COMMENT: No easy escape to the beach for weary Boris
Boris needs a holiday. Yes, yes, you do too.
But just look at him. He is not bold bouncy Boris of old, which means just a few months ago. He looks tired and haunted.
We know why. He's been through the mill with his health. He's also presiding over a crisis in which there have already been over 40,000 deaths, and rising, which would weigh on anybody's mind.
Thousands of those deaths could have been avoided if we had known back then what we know now, and if we had acted in such-and-such a way at such-and-such a time.
There's no getting away from the fact that this has happened on Boris' watch.
All his upbeat and inspirational plans for 2020 have been eclipsed by a global pandemic for which there will never be a victory parade, just enduring pain, loss and, as the recession bites, increasing hardship.
Together with his own health crisis it has taken its toll and Boris needs to recharge his batteries. He's had the energy visibly sapped from him. The trouble is that while a break, on a nice sunny Caribbean beach for example, would do him the world of good (yes, yes, you want one too), in the current circumstances it's not possible.
He has to stay at the Downing Street helm and set an example. That's official advice given to him by Dominic Cummings.
Having the bounce extracted from Boris has had an impact at Prime Minister's Questions. This week PMQs was the dullest PMQs in the entire history of the universe.
Not even a bit of role reversal could enliven it. Boris Johnson repeatedly challenged Sir Keir Starmer to say whether he thought children going back to school was safe.
Now, Boris Johnson is the Prime Minister. And Prime Minister's Questions does not actually mean it's the occasion for the Prime Minister to ask questions of the Leader of the Opposition.
But it is getting confusing. Sir Keir's crib sheet prepared by his pet spin doctor clearly instructs him to look like a Prime Minister at all times.
He is a man for the occasion, a serious and sensible voice at a time of national crisis, responsible and patriotic, and yet probing, and with a very good tailor. I think that's what it says on the crib sheet.
He's also a lawyer, which makes people assume he's brilliant at asking questions. Indeed, he reads them from his prepared script entirely competently, but without the dash of passion with which Jeremy Corbyn asked his similarly scripted questions. Heaven help Sir Keir if he leaves his briefcase at home.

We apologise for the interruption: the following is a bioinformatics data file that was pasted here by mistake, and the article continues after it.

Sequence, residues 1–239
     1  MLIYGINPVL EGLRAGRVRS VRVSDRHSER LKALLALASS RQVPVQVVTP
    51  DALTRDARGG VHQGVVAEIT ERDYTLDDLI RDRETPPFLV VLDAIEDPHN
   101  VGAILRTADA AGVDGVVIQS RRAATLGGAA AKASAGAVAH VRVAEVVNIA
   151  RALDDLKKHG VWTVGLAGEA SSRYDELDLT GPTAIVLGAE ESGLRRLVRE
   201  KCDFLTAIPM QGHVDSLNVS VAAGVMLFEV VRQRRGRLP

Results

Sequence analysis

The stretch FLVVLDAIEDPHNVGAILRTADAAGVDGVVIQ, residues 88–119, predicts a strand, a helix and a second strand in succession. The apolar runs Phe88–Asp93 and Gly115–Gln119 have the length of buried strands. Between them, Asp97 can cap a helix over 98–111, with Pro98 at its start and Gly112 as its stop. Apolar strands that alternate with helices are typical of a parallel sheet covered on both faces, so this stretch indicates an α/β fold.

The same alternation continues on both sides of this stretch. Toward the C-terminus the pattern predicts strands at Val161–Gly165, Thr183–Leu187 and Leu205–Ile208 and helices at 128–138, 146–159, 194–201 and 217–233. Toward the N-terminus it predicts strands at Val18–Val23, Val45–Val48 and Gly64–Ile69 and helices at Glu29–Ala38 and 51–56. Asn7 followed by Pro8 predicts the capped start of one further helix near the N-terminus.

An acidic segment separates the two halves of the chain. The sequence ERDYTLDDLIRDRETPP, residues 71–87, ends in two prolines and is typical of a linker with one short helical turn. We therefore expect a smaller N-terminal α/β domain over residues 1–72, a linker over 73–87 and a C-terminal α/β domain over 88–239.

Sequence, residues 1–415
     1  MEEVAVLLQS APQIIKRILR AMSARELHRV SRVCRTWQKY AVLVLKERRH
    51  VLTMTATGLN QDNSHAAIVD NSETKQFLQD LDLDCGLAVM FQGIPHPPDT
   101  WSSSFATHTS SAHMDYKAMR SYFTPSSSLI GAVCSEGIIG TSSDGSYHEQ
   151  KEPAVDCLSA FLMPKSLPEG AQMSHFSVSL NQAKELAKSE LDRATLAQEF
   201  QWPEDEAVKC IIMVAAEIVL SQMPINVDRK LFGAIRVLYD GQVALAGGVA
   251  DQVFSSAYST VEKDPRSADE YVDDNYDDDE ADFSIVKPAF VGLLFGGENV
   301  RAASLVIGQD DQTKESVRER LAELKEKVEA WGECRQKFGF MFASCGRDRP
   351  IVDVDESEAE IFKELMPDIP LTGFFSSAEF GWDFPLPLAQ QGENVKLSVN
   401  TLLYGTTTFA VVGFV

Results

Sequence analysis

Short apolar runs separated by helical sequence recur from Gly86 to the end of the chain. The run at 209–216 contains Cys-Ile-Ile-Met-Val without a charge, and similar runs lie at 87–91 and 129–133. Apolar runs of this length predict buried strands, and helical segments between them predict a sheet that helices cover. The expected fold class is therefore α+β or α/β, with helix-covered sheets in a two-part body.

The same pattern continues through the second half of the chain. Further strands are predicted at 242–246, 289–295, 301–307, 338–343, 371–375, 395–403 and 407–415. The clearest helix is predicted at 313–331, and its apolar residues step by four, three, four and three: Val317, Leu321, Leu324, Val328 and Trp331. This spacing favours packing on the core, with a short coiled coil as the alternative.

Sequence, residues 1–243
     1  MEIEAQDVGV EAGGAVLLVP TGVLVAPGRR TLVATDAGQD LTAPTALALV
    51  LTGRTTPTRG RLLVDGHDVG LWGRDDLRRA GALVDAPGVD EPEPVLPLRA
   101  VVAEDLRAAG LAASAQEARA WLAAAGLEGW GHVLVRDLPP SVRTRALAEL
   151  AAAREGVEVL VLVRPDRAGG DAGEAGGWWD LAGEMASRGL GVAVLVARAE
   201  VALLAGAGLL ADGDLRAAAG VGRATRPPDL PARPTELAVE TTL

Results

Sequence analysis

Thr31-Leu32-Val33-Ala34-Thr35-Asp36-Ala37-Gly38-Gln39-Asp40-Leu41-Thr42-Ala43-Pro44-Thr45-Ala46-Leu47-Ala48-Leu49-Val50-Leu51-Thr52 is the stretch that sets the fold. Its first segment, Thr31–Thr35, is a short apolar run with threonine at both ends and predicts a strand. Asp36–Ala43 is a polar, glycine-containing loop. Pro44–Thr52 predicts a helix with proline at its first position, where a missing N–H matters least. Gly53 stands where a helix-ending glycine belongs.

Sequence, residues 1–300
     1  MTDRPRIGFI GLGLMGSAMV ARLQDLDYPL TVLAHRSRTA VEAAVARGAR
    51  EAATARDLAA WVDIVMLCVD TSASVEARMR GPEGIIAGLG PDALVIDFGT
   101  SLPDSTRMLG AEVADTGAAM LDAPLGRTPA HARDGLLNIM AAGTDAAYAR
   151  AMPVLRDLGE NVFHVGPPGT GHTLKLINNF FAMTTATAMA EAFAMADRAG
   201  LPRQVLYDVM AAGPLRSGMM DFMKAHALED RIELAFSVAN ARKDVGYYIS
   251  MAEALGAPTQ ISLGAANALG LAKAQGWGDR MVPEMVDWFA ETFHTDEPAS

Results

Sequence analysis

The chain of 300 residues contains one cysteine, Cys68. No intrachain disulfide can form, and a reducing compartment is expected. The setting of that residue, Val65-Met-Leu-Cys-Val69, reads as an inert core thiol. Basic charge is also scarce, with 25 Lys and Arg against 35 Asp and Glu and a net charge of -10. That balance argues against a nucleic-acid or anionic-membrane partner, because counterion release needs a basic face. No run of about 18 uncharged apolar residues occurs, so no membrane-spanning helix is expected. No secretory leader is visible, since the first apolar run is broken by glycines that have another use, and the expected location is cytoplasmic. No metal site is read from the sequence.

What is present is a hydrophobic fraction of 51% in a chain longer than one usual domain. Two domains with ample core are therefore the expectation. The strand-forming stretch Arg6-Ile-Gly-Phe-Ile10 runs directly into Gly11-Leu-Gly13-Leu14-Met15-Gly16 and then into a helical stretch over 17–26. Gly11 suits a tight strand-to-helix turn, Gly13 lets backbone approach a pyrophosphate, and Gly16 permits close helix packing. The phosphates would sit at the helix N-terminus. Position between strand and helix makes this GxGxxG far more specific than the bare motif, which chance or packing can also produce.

Sir Keir definitely does have the makings of a Prime Minister, because he ignored Boris' question in a manner of which Theresa May would have been proud.
So we don't know if he thinks it's safe for children to return to school or not, although as he is not the person in power making the decision it is of academic and political interest, but not much else.
Michael Gove incidentally was mocked for saying that children going back to school was safe, but he couldn't guarantee they wouldn't get coronavirus, as if it was some hilarious contradiction in terms.
Back to class! It isn't. Safety is relative, a guarantee is an absolute. Flying in an airliner is safe, but there's no guarantee you won't crash. Working in a library is safe, but there's no guarantee a book won't fall on your head.
Anyway, if Boris is not to be given a holiday, then there is always the prospect that he could furlough himself, and hand over the reins to somebody for a few months.
A few weeks ago an obvious choice would have been Dominic Raab. But now the clever money would be on Rishi Sunak, the Chancellor of the Exchequer.
He is luxuriating in that fleeting golden hour that Chancellors of the Exchequer may have, the time when they are giving huge amounts of money to people and not yet asking for it back.
This makes people think they are doing a great job, although, thinking about it, Labour went to the polls promising to give huge amounts of money to people and still lost the election.
However, so long as Rishi keeps giving away money, he is a wonderful guy and a charismatic and inspirational leader in the making.
As soon as he starts slapping big taxes on us all to pay back on all the billions upon billions he is borrowing, he will become the biggest rogue in Number 11 since Denis Healey. Or George Osborne, who fell so low that he found a home in journalism.
So herewith begins a campaign to get Boris to furlough himself. Everybody can support it, can't they?